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Why political leaders must apply the full force of government to help restore the global economy

Entrepreneurs are the medicine for economic recovery; it’s up to governments to administer the cure

Why political leaders must apply the full force of government to help restore the global economy
Getty Images: Photo taken in Riyadh, Saudi Arabia

If you speak to the hospital doctors and nurses who bravely fought COVID-19 during the worst days of the pandemic, they will tell you that one of the biggest challenges was being able to move quickly enough in a very fluid situation. Every day the challenges would change, and their response would have to be altered, become more intensified, or require new elements. I believe that governments have something important to learn from this as we begin to decipher the key to unlocking our global economic recovery from the impacts of the pandemic.

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Just like the doctors moving between hospital wards, learning from peers, changing techniques, and trying new products, governments were forced to react quickly, and adapt in ways that once seemed impossible. And while the hardest days of the of the pandemic appear to be over, the truth is that economic recovery remains a challenge, and a few steps further even from being fully fit to face what will be the new normal for the global economy.

So, we still need to act fast to prioritize and focus our energy and resources in order to have maximum impact, and one can find the answer to this question again by studying elements of the response to the pandemic.

A particularly revealing phenomenon was that while the global economy slowed, taking business revenues with it, the number of entrepreneurs applying to start new business went up in key markets. In Saudi Arabia specifically, we have seen a 24% increase in entrepreneurs starting a business since 2019.

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In the middle of the pandemic, people in the U.S. started businesses at the fastest rate in more than a decade. Entrepreneurs are shrewd and would have known the risks that new small businesses face. But most of all—and this is the real crux—they were smart and nimble enough to see how the rapidly changing situation presented market opportunities.

And similar patterns emerged elsewhere: 2021 proved to be a record year of venture activity in Saudi Arabia, with an all-time high $548 million raised across 139 deals. It meant that Saudi Arabia became the second-most-funded country in the Middle East and North Africa Region (MENA), driven by a 270% increase in capital year-over-year, with tech-based businesses leading the 2021 venture transactions and Fintech startups accounting for 19% of all transactions registered in Saudi Arabia.

This all gives us a clear sign that, in this time of uncertainty, entrepreneurs are essential. They have the ability to move quickly enough to rethink the way we work and live, seize the new opportunities of this new world and, consequently, hold the key to rebooting the whole global economy and regenerating our countries.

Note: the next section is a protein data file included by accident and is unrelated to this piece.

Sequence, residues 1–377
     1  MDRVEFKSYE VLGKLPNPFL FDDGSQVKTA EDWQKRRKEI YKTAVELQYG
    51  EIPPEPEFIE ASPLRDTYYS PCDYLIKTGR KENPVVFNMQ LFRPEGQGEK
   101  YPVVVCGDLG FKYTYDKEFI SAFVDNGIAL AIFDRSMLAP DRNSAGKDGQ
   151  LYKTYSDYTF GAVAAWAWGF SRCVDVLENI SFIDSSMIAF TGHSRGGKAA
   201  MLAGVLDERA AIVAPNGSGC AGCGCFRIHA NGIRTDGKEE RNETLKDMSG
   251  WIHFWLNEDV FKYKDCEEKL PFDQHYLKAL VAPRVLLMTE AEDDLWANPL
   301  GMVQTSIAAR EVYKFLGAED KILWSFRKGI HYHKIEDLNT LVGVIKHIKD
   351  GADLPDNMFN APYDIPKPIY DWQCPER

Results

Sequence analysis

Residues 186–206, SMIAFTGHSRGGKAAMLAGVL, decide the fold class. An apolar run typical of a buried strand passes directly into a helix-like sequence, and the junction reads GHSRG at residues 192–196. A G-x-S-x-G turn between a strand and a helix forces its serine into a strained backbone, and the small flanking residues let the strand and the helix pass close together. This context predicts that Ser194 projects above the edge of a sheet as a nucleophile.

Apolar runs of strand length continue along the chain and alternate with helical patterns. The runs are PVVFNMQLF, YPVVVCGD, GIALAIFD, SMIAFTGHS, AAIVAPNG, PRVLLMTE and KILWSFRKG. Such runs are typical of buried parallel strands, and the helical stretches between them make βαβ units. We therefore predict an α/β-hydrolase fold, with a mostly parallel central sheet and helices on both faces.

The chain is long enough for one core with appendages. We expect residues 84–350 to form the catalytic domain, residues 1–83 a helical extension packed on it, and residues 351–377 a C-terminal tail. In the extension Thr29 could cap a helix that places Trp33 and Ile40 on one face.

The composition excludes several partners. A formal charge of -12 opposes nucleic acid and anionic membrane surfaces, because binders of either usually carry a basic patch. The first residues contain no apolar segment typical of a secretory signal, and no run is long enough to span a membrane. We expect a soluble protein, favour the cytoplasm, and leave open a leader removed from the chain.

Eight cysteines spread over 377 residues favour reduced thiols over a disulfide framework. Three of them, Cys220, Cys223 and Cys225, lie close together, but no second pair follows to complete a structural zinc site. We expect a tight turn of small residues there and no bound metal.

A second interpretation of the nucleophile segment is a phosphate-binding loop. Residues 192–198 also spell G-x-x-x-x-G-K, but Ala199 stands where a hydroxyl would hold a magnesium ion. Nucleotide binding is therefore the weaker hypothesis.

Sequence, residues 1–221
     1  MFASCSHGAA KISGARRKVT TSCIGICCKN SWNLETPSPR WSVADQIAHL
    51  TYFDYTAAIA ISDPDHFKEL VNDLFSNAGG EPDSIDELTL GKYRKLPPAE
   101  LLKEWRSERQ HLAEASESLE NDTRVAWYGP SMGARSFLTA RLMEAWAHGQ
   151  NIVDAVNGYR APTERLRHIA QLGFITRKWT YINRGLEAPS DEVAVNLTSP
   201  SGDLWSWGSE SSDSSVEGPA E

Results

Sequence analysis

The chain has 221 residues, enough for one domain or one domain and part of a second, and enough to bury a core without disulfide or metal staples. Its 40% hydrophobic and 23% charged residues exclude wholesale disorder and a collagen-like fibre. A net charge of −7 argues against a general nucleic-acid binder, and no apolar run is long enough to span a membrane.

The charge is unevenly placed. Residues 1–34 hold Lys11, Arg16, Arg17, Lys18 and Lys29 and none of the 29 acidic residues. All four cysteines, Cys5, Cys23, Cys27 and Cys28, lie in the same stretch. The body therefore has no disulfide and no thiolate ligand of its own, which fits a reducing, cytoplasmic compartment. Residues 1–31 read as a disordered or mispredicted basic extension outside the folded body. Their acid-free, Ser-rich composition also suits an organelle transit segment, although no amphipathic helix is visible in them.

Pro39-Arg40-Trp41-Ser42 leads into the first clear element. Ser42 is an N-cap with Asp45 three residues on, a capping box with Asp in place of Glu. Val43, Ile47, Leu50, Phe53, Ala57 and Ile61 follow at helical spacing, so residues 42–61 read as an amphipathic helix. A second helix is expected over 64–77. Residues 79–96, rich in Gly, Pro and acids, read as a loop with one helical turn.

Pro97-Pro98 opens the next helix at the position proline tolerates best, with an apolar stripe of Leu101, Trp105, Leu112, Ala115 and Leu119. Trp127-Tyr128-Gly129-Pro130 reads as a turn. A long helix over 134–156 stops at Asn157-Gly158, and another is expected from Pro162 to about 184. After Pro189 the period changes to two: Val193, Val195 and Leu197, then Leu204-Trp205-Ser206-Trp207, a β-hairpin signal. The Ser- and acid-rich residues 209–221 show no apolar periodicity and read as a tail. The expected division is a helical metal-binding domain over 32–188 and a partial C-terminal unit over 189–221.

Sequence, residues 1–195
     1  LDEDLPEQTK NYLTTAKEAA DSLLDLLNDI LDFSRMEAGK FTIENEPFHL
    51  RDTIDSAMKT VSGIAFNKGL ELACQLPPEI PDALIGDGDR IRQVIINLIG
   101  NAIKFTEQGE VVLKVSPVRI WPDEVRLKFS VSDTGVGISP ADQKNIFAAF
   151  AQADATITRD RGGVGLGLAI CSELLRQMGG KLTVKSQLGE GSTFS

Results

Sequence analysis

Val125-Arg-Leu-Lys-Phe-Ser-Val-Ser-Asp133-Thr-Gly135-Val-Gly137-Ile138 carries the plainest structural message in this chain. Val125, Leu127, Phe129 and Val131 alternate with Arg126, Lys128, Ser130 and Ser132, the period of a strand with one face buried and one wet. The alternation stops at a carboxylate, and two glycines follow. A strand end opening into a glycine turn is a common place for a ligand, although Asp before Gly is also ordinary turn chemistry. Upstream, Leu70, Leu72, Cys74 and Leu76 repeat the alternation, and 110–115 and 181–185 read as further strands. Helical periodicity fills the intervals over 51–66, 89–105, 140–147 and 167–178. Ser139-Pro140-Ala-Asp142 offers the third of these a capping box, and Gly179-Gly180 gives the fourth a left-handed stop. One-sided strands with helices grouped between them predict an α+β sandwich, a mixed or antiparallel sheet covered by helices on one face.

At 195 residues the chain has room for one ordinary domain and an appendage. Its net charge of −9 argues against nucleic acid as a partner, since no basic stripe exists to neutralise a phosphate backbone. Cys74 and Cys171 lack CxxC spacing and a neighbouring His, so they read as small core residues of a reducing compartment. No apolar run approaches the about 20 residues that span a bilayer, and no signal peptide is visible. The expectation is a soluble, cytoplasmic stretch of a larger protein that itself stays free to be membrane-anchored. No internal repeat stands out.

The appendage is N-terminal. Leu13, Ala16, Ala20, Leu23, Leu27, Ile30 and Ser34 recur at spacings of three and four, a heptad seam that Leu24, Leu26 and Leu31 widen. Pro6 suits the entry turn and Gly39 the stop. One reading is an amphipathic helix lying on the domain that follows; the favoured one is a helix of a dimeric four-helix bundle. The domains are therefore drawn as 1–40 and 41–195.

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So, when asking what we need to do, the answer is: To unleash the full potential of entrepreneurs. But how do we do that? How do we keep the momentum of new businesses and economic growth going?

It is here that the full force of government policy can and should be applied to maximum effect. We have seen the impact the state can have during the pandemic with short term, big spending measures such as furlough and business-support schemes. But just like the shift that hospital doctors make from emergency acute care to longer-term rehabilitation care, so too do we need to think about shaping the conditions that will maximize entrepreneurial potential over a longer period.

Governments have an array of measures in their toolbox that they can deploy to make entrepreneurs’ lives easier, like increasing access to finance, digitizing government services, altering regulation to offer smaller businesses access to government projects, regulatory sandboxing, and streamlining visa requirements. These are but a few that we have been deploying in Saudi Arabia.

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Our government’s commitment to seizing this opportunity is highlighted by its significant investment to host the Global Entrepreneurship Congress in Riyadh at the end of this month. The congress will welcome a gathering of startup champions from around the world.

At the event, thousands of entrepreneurs, investors, and policymakers will gather in person to address the new challenges resulting from the pandemic. Giants of Silicon Valley, including Steve Wozniak, cofounder of Apple, and Marc Randolph, cofounder of Netflix, have been announced as key headliners at the event.

We are eager to share our ideas and learn what more we can do to free up entrepreneurs to do what they do best and give our global economy the best chance of recovery.

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Saud Alsabhan is the vice governor for Entrepreneurship, Small and Medium Enterprises General Authority (Monsha’at), Saudi Arabia

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